“Global agreement within the United Nations Framework Convention on Climate Change (UNFCCC) is the best option to securing global combat against climate change based on the principle of shared but differentiated responsibility.”[9] However, the Copenhagen Summit has shown that such an agreement may take more time and may not reach the level of effort required to stabilise climate change at the temperature increase of 2°C. Therefore, in order to improve international and bilateral cooperation, speed up the implementation of climate mitigation and adaptation measures, and in turn facilitate the achievement of a global agreement, alternative strategies need to be pursued. One such strategy is to perform well on the fast start financing agreed on in Copenhagen and to develop cooperation on measures with interested countries. A good example of this is the Slovenian participation in the Paris-Oslo process on Reducing Emissions from Deforestation and Degradation (REDD) and the Western Balkans Forum on Climate Change.[10]
According to Lučka Kajfež Bogataj,[11] a renowned Slovenian climatologist, one of the reasons for the failure of the conference in Copenhagen is that the Kyoto idea itself has died. The concept of binding reduction goals that are supervised by the UN is outdated because the global economy is so intertwined. “Today, almost half of the emissions that are caused by China go at the expense of manufacturing products for the Western world. How can we then prescribe China to cut its emissions, if we are causing them with our demand?”[12] However, she believes that it is better to fight climate change in a global context, i.e., in the context of the UN, than to let countries set their own targets.
Financial assistance has to be available to the developing countries
The summit confirmed the substantial differences in the views and negotiating positions between the developed and the developing countries. Some of the fast-growing economies lacked the necessary understanding for the less-developed countries, where the consequences of climate change mean no less than the difference between their existence and disappearance.[13] The position of the Ministry for Environment and Spatial Planning on financing mitigation and adaptation efforts in developing countries is that the measures for reducing emissions in the framework of the global climate agreement have to be based on the historical responsibility for the emissions of greenhouse gases and the financial capability of individual states. For the reduction of global emissions to be successful, it is necessary that the developing countries also limit and later on reduce their emissions. However, it needs to be taken into account that the developed states are the ones most responsible for the current situation and, therefore, have to bear the greatest burden. The financial and technological assistance along with the assistance for building capacities has to be assured to the developing countries and this help has to be sufficient and predictable. The EU as an entity has to contribute its fair share to this assistance according to two criteria: the capability of payment and the share of emissions. Slovenia is also supportive for the earlier financing, i.e., before the beginning of the second commitment period (2010-2012).[14]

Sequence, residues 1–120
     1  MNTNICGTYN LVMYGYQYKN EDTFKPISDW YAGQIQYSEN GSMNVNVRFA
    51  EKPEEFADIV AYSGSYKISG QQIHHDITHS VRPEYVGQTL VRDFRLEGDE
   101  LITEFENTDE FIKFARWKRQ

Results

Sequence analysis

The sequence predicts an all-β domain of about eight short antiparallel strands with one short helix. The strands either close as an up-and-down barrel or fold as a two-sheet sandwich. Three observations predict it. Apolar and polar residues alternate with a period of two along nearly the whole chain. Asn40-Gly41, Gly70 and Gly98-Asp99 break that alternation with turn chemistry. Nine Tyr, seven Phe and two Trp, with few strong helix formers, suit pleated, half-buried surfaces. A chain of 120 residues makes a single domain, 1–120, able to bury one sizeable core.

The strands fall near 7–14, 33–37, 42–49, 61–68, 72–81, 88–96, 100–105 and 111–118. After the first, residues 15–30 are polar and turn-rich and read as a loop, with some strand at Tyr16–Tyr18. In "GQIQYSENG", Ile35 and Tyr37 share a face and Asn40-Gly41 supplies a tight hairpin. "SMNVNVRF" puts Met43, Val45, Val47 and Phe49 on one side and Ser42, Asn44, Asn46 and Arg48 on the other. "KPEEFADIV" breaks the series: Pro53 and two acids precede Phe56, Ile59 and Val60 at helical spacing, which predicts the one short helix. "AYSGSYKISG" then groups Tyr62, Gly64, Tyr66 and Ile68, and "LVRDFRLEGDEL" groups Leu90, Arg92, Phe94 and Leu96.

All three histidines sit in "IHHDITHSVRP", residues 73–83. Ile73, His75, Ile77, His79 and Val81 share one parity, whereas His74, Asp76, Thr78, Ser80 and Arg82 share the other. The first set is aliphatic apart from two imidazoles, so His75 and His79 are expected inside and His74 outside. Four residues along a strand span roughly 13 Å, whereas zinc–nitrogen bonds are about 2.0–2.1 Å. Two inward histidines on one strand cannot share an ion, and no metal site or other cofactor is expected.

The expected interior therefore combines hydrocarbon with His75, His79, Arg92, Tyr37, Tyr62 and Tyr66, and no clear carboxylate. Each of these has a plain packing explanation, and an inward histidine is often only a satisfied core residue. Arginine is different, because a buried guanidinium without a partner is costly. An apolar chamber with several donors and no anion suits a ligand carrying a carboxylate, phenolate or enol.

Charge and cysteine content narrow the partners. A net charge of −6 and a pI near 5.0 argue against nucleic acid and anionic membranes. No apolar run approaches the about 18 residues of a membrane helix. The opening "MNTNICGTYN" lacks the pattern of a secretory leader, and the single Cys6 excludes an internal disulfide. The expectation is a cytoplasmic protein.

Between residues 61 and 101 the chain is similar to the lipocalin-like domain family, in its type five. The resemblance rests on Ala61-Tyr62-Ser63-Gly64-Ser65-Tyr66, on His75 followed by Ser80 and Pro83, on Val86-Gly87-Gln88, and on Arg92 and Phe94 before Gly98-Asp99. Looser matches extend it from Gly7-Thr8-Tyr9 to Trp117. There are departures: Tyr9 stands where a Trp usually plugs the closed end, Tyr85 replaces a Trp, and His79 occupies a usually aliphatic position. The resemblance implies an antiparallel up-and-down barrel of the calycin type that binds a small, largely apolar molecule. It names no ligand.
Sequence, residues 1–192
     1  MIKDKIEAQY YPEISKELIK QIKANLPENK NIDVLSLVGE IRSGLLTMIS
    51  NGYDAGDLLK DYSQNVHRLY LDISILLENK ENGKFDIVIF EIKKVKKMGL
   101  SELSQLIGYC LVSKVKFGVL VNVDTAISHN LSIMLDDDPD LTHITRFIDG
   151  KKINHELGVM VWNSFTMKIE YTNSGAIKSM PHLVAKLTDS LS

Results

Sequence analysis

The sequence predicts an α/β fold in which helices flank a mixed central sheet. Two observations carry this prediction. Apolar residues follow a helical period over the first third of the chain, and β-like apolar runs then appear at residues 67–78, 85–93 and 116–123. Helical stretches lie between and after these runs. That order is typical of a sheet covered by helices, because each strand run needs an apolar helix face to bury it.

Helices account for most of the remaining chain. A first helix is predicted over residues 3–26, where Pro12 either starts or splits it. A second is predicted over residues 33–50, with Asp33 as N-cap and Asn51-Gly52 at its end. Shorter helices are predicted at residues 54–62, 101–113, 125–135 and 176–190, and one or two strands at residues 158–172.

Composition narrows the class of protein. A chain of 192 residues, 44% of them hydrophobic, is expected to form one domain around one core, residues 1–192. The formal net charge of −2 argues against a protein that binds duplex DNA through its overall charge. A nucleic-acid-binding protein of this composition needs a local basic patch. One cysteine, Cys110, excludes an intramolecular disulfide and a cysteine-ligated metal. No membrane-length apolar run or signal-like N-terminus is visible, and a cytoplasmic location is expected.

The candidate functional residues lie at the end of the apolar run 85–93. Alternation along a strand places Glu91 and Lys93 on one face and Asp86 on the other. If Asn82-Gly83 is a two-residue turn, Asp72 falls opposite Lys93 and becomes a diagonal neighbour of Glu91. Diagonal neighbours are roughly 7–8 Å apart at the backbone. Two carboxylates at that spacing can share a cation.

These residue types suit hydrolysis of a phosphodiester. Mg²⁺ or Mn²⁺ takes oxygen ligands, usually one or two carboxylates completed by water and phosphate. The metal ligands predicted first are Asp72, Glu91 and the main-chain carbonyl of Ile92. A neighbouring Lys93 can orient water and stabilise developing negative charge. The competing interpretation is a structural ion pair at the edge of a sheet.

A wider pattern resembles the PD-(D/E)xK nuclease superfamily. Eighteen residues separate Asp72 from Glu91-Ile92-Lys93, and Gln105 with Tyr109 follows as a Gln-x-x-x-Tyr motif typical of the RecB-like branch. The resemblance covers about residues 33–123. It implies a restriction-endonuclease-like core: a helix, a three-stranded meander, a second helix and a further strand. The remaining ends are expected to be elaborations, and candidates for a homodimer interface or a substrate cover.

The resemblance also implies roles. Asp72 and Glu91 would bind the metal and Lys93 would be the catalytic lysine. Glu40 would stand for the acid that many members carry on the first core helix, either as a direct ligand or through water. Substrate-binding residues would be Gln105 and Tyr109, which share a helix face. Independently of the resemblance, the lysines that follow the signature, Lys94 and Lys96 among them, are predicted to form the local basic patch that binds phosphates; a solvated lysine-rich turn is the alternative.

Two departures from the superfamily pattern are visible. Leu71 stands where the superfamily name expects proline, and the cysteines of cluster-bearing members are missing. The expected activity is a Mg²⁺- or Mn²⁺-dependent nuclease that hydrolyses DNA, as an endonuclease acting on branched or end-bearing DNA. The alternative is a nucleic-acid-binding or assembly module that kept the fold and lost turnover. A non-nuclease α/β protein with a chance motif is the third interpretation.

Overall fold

[1] Ministry of Foreign Affairs: Press statement by the Minister of Foreign Affairs, Samuel Žbogar, on the Copenhagen Summit, 22 December 2010, available at: (last access: 15 May 2010).

[2] STA: Erjavec: Kobenhavn demokratična anarhija; taktika EU napačna (Erjavec: Copenhagen is democratic anarchy: the EU tactic is misguided), 22 December 2010, available at: %C4%8CAR (last access: 16 May 2010).

[3] STA: Erjavec: EU mora spremeniti podnebno taktiko glede ZDA in Kitajske (Erjavec: EU must change climate tactic concerning USA and China), 16 January 2010, available at: (last access: 15 May 2010).

[4] The Slovenian Foundation for Sustainable Development – Umanotera: Sporočilo za javnost ob zaključku podnebnih pogajanj v Koebenhavnu (Press release at the end of the climate negotiations in Copenhagen), 19 December 2009, available at: (last access: 15 May 2010).

[5] STA: Nad dogovorom v Koebenhavnu razočarane tudi nevladne organizacije. (NGOs also disappointed with the agreement in Copenhagen), 19 December 2010, available at: (last access: 18 May 2010).

[6] Mmc.rtvslo.si: Anketa (Survey), 26. December 2010, available at: func=list&c_menu=23&c_parent=23&page=4 (last access: 15 May 2010).

[7] Jernej Stritih, Director of the Government Office of the Republic of Slovenia of Climate Changes: Written comments to the EU-27 Watch Questionnaire 2010.

[8] Ibid.

[9] Ibid.

[10] Ibid.

[11] Mladina: Intervju: Lučka Kajfež Bogataj, klimatologinja (Interview: Lučka Kajfež Bogataj, climatologist), 7 May 2010, available at: (last access: 18 May 2010).

[12] Ibid.

[13] Ministry of Foreign Affairs: Press statement by the Minister of Foreign Affairs, Samuel Žbogar, on the Copenhagen Summit, 22 December 2010, available at: (last access: 15 May 2010).

[14] Ministry for Environment and Spatial Planning: Stališča Republike Slovenije za konferenco o podnebnih spremembah v Koebenhavnu od 7. do 18. decembra 2009 (Position of the Republic of Slovenia on the conference on climate change in Copenhagen from 7 to 18 December), available at: konferenca_kopenhagen_stalisca_Slovenije.pdf (last access: 15 May 2010).